Exactly 3,001 miles away, there was one very old man who was a fluent Quaquanantuck speaker, having been tutored by his grandparents as he grew up on his family’s tiny island in the middle of Peconic Bay in eastern Long Island. That man, whose library card bore the name of Peconic Joe, spoke Quaquanantuck whenever he spoke to himself. In the fifty-seven years since his grandfather died, Peconic Joe had never met anyone who understood the ancient tongue for the simple reason that there was no one else in the world who used the language.
In the 3,001 miles that separated Stan and Peconic Joe, emergencies were declared, committees were formed, experts were hired, fall-out shelters were cleaned up, and theories (uninhibited by facts) were hawked all over the Internet. Among those who had a theory, but different from most in that she cared about facts, was an inquisitive fourteen-year-old middle school student in Independence, Missouri known as Freckles.
Freckles loved mysteries. Freckles particularly loved the kind of mysteries that she could delve into with the computer she had built from parts of three dozen Commodore 64s liberated from her middle school’s junk room. Freckles leaped on the language problem with every key on her keyboard.
While her parents despaired, believing their precious daughter was wasting her life writing fan mail to teenage idols, Freckles systematically and illegally probed corporate, university, and government databases looking at trends in populations and language use. Her raids left behind digital fingerprints that every knowledgeable computer expert in the world concluded were so improbable and ridiculous that they were clear evidence of sabotage by a reconstituted KGB. The affected companies, governments, and universities had no idea that Freckles was searching for clues to the verbal disappearances and cared nothing for their bank accounts and their nuclear secrets.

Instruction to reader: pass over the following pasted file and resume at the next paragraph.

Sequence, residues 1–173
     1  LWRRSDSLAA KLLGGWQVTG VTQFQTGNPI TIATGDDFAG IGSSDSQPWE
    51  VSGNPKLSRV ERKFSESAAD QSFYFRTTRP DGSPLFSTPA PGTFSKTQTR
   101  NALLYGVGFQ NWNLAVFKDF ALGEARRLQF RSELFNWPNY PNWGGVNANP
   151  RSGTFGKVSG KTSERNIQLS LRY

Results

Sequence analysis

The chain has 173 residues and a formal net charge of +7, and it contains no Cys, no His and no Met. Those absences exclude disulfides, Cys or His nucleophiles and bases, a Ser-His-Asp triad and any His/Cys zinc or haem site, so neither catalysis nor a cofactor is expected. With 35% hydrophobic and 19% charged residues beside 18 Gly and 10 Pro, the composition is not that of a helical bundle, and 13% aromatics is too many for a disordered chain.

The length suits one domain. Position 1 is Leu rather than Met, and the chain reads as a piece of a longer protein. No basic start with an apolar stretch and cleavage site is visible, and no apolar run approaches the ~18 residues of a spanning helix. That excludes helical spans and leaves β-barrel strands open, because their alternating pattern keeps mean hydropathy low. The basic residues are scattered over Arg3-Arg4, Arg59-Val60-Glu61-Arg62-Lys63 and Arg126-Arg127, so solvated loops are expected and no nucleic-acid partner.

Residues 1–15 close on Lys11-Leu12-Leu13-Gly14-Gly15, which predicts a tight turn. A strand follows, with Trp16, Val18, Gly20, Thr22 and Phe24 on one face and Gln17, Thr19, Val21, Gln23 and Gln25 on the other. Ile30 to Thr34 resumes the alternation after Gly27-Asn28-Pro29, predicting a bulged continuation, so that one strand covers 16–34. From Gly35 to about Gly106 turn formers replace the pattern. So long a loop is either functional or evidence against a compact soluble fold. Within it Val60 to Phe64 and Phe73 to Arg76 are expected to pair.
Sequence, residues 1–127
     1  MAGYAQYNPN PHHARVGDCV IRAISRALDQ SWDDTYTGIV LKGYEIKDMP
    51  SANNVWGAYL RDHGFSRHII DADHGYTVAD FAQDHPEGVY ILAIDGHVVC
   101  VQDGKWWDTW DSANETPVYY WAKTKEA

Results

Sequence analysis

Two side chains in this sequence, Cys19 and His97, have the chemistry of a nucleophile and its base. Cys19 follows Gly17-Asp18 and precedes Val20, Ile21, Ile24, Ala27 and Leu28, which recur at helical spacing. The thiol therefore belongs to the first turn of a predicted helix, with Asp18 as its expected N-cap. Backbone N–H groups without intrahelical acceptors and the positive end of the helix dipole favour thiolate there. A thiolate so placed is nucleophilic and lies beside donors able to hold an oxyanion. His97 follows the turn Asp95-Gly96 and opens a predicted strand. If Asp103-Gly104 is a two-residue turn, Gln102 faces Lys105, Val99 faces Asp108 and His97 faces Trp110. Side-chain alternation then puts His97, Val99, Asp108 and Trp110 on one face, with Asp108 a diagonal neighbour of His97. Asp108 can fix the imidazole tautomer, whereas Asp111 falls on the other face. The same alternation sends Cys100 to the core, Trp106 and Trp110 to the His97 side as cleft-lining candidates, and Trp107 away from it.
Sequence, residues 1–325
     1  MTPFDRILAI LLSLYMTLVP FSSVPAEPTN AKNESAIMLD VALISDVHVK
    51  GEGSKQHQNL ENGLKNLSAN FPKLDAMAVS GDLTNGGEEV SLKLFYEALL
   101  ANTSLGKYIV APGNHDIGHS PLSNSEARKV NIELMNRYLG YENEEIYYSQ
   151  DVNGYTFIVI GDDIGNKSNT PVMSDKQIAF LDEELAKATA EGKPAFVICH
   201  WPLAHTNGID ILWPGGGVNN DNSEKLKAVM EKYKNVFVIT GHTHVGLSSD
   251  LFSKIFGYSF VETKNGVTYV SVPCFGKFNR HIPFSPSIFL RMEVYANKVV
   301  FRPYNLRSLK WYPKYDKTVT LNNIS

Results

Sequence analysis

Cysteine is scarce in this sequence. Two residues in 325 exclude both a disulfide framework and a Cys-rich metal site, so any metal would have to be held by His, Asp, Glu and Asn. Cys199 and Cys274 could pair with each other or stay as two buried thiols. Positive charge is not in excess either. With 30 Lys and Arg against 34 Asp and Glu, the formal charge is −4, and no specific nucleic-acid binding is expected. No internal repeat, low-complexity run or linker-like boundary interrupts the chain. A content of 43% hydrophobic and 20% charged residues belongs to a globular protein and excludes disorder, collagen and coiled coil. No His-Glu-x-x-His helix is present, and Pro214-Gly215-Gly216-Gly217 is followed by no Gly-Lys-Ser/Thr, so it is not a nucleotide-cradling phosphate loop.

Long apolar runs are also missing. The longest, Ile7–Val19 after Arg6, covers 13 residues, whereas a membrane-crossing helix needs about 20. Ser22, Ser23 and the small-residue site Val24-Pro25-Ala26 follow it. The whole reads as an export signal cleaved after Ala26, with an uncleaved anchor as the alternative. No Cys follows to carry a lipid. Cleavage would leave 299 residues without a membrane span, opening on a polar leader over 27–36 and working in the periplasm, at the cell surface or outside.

While Freckles banged away at her homemade keyboard, and while Stan spoke louder and slower believing that anyone could understand if they only listened carefully, the experts determined: A) The problem appeared mostly in English at that time, although a common Italian term used in greeting and leaving seemed to be suffering from the malady, as did an Arabic term normally translated as “God willing”; and B) No one had the slightest idea why the sudden verbal disappearances were occurring.
Stan became even more indifferent to cause, consequence, and cure when he realized that the concern about language made it a good time to publish what he had learned about the sixteenth century Quaquanantuck tongue, which, he explained in his article’s opening paragraph, had been used all up and down the entire east coast as a trade language five hundred years ago. A dating of loan words cropping up in other languages showed that the common use of Quaquanantuck ceased entirely around 1510.
The very prestigious and very, very unread scholarly journal Archaic Talk put Stan’s monograph online in September with an introductory teaser claiming (without any justification whatsoever) that it was relevant to the deficiencies cropping up in English.